Posts Tagged ‘Pipestrel’

On final in Tahiti (bottom), and New Zealand

Sunday, February 26th, 2012


New Zealand

Auckland, New Zealand

Matevž Lenarčič of Slovenia  landed safely in Tahiti on his quest to circle the world to the west in a Pipistrel aircraft, but do it by zigzagging  clear to Antarctica for environmental research and photographs for the photographer’s new book. This is what final looks like in Paradise. He had engine vibrations and leaking carburetors, and was stranded in Tahiti while Rotax engineers arrived from New Zealand. There were worse places to be trapped. Once repairs were made he flew on to New Zealand where additional engine work could be done. Then it was on to Australia where he experienced a serious in-flight structural failure.

Photos by Matevž Lenarčič 

(Click to enlarge.)

Tahiti

Pipistrel rounding the globe, the long way

Wednesday, February 22nd, 2012

Matevž Lenarčič of Slovenia is flying a modified Pipistrel Virus with a turbocharged Rotax engine around the world westward, taking pictures, ecological measurements, and gathering material for a book. You can see the details in a story by AOPA”s Jim Moore. He has already flown enough miles to circle the globe, but he is only halfway. When he is done he will have flown the lightest aircraft ever (640 pounds) around the world to the west, will have a record for gas mileage (he is getting 28 statute miles per gallon), and will have enough material for his 12th book. He’s a photographer. And a scientist. He is measuring soot in the air every inch of the way, and is going to show the world that fresh water, not oil, may be our next real crisis. Is it all going smoothly? Not always. Here is his report on a recent flight over South America:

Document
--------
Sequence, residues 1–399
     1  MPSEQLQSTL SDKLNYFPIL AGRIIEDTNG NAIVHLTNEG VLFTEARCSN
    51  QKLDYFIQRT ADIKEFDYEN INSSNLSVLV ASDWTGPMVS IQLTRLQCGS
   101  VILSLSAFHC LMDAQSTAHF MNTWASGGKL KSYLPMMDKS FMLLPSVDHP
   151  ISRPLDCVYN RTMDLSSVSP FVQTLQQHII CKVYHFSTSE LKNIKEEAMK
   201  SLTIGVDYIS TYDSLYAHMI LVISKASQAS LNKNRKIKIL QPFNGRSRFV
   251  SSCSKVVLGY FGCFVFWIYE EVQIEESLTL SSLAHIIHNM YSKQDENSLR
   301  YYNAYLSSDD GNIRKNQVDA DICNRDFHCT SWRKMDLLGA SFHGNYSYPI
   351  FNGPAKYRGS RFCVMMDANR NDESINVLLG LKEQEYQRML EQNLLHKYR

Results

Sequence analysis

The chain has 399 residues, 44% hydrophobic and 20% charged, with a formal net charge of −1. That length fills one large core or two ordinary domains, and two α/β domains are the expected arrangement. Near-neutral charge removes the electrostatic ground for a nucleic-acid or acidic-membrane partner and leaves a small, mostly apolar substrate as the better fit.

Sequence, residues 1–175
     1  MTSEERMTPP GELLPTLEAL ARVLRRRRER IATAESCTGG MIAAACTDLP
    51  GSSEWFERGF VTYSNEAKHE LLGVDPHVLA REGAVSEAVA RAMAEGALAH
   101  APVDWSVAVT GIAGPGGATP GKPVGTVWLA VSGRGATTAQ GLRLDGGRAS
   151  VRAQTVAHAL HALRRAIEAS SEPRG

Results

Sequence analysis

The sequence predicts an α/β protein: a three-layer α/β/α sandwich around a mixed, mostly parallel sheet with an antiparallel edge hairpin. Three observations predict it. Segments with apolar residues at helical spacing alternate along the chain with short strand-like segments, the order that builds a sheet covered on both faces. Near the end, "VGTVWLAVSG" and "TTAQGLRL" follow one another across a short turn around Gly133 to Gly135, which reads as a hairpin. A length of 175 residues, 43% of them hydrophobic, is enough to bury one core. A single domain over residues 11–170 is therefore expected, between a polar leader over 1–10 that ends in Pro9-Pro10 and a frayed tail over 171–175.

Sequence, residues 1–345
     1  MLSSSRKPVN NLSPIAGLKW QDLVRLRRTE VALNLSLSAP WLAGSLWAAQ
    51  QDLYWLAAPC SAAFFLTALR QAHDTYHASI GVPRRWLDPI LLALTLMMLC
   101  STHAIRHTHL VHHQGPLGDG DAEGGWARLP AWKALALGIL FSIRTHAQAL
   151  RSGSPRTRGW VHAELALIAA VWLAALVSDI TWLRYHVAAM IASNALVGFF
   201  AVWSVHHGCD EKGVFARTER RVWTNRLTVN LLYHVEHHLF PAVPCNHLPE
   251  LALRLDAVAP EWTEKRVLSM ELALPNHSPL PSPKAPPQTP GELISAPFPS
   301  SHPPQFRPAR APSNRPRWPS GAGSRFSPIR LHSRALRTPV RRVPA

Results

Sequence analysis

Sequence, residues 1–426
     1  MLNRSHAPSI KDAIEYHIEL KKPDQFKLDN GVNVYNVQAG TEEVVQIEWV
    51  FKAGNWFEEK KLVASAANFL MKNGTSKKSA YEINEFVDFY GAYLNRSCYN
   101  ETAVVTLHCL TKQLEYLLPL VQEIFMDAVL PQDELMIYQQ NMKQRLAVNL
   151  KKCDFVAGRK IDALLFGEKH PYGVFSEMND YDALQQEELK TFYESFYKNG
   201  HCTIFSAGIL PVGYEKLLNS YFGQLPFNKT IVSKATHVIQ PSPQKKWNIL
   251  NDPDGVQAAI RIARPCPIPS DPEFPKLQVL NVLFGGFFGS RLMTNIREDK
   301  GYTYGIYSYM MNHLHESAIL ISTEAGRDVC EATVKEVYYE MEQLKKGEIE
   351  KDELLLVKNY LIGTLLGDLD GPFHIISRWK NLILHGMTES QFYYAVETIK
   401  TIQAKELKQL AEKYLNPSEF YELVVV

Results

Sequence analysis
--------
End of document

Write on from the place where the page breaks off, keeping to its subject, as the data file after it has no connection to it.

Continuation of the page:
“Amazing views were spoiled by engine problem, loosing [sic] some RPM and power so turned to Calafate. After several looong minutes engine sound got back to normal so I continued toward the glaciers Perito Moreno, Upsala, Viedma and Cerro Torre and Fitz Roy which were clear of clouds in almost no wind. Great views but a lot frustration as I was not confident with engine run and had a strong smell of fuel when I opened the window. “

He decided to push on and landed safely. He has flown thousands of miles in the 10 days since then.